[Moscow, Paris], 1933.  c.: ill. 42x30 cm. In original photomontage covers. Horizontal crease (due to folding copy in half), spine and tears to last leaf repaired, otherwise very good and clean. In French.
Soviet photomontage propaganda produced for the benefit of the French proletariat. It was announced as a special issue of the magazine (“Numéro spécial de regards édité en collaboration avec “L’Humanite”) but no information has been found on any other issues of such a periodical.
A noteworthy montage design combines photographs and drawings, diagrams and caricatures. It was primarily produced by Sergei Sen’kin (1894–1963), one of the prominent figures in Soviet propaganda art, representative of both the avant-garde and constructivism, and the creator of numerous photomontage designs. His works resemble the style of Gustav Klutsis and demonstrate the same high level of skill. In 1919, they met each other at the Free State Art Workshops where both studied under K. Malevich. Soon after the artists started to work together and founded the experimental studio of “new practical realism” which focused on agitational art. Together with Lissitzky and Klutsis, Senkin designed the Soviet pavilion at the International Press Exhibition in Cologne (1928) and contributed to the design of the Soviet pavilion at the 1939 New York World Exhibition.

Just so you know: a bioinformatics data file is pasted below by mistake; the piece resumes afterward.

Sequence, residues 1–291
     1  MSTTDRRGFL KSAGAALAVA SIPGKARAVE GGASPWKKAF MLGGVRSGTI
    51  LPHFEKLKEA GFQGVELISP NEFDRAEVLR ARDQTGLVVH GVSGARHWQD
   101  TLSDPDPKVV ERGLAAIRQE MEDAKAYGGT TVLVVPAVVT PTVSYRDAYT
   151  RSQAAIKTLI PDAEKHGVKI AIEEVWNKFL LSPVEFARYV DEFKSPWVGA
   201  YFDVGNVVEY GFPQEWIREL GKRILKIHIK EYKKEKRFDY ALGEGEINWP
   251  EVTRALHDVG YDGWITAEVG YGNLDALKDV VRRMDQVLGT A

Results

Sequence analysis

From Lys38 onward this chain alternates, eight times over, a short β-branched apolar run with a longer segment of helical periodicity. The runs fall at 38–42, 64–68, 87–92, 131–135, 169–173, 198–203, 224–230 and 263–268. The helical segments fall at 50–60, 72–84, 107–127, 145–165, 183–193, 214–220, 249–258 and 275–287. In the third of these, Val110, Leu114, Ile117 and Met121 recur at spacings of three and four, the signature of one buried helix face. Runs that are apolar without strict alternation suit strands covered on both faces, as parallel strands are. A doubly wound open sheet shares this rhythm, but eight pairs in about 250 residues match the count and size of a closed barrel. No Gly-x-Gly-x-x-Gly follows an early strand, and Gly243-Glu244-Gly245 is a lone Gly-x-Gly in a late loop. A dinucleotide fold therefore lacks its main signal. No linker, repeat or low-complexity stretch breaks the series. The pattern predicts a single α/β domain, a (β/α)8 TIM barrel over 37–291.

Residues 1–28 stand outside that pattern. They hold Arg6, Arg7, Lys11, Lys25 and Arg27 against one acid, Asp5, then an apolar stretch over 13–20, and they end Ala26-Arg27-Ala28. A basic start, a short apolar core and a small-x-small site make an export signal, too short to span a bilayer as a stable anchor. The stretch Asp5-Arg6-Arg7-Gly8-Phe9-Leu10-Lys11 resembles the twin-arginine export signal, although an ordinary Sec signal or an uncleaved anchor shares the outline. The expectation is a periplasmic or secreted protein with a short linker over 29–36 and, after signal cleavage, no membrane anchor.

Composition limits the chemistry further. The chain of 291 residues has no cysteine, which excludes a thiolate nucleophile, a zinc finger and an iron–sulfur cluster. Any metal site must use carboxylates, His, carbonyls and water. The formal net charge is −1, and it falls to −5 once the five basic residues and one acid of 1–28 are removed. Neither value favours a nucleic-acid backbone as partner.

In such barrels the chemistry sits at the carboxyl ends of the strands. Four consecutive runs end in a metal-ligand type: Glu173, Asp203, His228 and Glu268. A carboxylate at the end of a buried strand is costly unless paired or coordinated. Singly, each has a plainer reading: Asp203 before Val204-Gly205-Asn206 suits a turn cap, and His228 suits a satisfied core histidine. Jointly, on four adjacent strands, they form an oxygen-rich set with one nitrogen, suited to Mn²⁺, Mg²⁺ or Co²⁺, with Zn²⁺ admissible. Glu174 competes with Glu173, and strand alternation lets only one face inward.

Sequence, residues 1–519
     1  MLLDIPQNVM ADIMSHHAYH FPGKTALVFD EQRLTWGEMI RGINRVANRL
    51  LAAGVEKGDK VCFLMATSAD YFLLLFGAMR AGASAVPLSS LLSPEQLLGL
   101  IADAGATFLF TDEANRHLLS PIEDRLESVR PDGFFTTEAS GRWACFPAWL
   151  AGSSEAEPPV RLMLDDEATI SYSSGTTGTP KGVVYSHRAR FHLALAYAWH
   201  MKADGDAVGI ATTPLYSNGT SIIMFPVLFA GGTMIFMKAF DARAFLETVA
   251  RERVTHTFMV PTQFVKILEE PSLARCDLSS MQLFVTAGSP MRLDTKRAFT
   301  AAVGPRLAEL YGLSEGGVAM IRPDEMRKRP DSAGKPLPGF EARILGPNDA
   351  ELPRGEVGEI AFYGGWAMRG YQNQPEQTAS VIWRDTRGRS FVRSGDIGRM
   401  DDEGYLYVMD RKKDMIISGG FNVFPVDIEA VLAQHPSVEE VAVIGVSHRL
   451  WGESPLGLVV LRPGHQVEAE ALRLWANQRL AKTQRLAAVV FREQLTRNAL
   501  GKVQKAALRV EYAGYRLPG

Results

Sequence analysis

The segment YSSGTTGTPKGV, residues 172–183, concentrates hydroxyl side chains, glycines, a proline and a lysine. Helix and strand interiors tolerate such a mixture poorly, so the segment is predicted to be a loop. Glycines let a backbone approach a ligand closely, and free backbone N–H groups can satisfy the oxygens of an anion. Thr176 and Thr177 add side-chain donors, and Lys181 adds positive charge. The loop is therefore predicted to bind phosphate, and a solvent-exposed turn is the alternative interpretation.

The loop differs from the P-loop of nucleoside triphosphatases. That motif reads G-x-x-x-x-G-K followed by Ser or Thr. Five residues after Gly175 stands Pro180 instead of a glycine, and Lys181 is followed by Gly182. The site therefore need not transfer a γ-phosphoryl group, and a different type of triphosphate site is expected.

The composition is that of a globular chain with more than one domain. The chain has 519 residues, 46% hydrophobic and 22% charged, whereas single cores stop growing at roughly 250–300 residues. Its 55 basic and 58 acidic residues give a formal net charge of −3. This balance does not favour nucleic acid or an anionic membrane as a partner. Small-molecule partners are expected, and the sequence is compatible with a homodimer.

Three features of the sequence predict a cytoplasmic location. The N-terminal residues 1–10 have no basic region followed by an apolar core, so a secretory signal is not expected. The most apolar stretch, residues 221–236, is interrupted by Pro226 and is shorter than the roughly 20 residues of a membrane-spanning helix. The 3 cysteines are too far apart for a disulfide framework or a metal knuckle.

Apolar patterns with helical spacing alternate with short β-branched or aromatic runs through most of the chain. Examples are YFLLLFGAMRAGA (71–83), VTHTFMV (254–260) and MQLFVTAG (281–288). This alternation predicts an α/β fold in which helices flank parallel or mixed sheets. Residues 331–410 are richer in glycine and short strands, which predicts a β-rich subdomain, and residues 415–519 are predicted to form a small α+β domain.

This issue included photomontages promoting the triumph of the USSR in achieving the goals of the 1871 Commune and the principles of Karl Marx. These montages feature photographs of the Red Commanders Frunze, Voroshilov, and Budyonny, general pictures of White and interventionist allied troops, Soviet party leaders, slogans, crowd demonstrations, a young pioneers’ march, May Day military parades of armored vehicles, soldiers, and battleships, as well as civil demonstrations in Red Square.
The issue boasted of the equality of women and men in Soviet revolutionary events and demonstrations, and the involvement of all nations in the Communist organizations. In particular, Baku women who had joined the Bolshevik Party were shown in a group photograph. It starts a page of photomontage dedicated to Soviet women: they began their socialist activities as pioneers and then were engaged in various occupations, including politics.
The issue showed off the USSR’s electrification and industrialization in a photomontage combining pictures of a factory plant, tractors, construction sites, a meeting about the GOELRO plan and a portrait of its director, G. Krzhizhanovsky. Other montages showcased successful efforts in the eradication of illiteracy, the foundation of Soviet sanatoria and social institutions, the development of the Central Asian territories, and the construction of the Dnieper Hydroelectric Station as one of the main achievements of the first Five Year Plan.
The front cover contains a photomontage of Marx and Engels with participants of the Paris Commune drawn in, but the back cover photomontage is dedicated to the new leaders, Lenin and Stalin, and the proletarian masses that followed them.
The magazine also included a portrait of the politician Avel Yenukidze who was executed during the Great Purge, so the issue was doubtless later prohibited.
Not listed in Worldcat.